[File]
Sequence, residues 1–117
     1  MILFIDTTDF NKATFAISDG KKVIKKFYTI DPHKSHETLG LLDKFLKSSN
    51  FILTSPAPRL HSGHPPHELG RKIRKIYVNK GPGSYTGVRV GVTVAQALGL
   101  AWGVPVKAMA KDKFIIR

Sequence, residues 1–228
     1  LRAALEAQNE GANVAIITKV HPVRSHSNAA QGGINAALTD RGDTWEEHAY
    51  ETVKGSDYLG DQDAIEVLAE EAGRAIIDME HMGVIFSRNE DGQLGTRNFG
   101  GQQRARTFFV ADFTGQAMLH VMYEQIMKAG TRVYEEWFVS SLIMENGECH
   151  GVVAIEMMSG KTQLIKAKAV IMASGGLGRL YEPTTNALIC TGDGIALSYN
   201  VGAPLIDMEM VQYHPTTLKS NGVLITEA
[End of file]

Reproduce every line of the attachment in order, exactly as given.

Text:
Sequence, residues 1–117
     1  MILFIDTTDF NKATFAISDG KKVIKKFYTI DPHKSHETLG LLDKFLKSSN
    51  FILTSPAPRL HSGHPPHELG RKIRKIYVNK GPGSYTGVRV GVTVAQALGL
   101  AWGVPVKAMA KDKFIIR

Sequence, residues 1–228
     1  LRAALEAQNE GANVAIITKV HPVRSHSNAA QGGINAALTD RGDTWEEHAY
    51  ETVKGSDYLG DQDAIEVLAE EAGRAIIDME HMGVIFSRNE DGQLGTRNFG
   101  GQQRARTFFV ADFTGQAMLH VMYEQIMKAG TRVYEEWFVS SLIMENGECH
   151  GVVAIEMMSG KTQLIKAKAV IMASGGLGRL YEPTTNALIC TGDGIALSYN
   201  VGAPLIDMEM VQYHPTTLKS NGVLITEA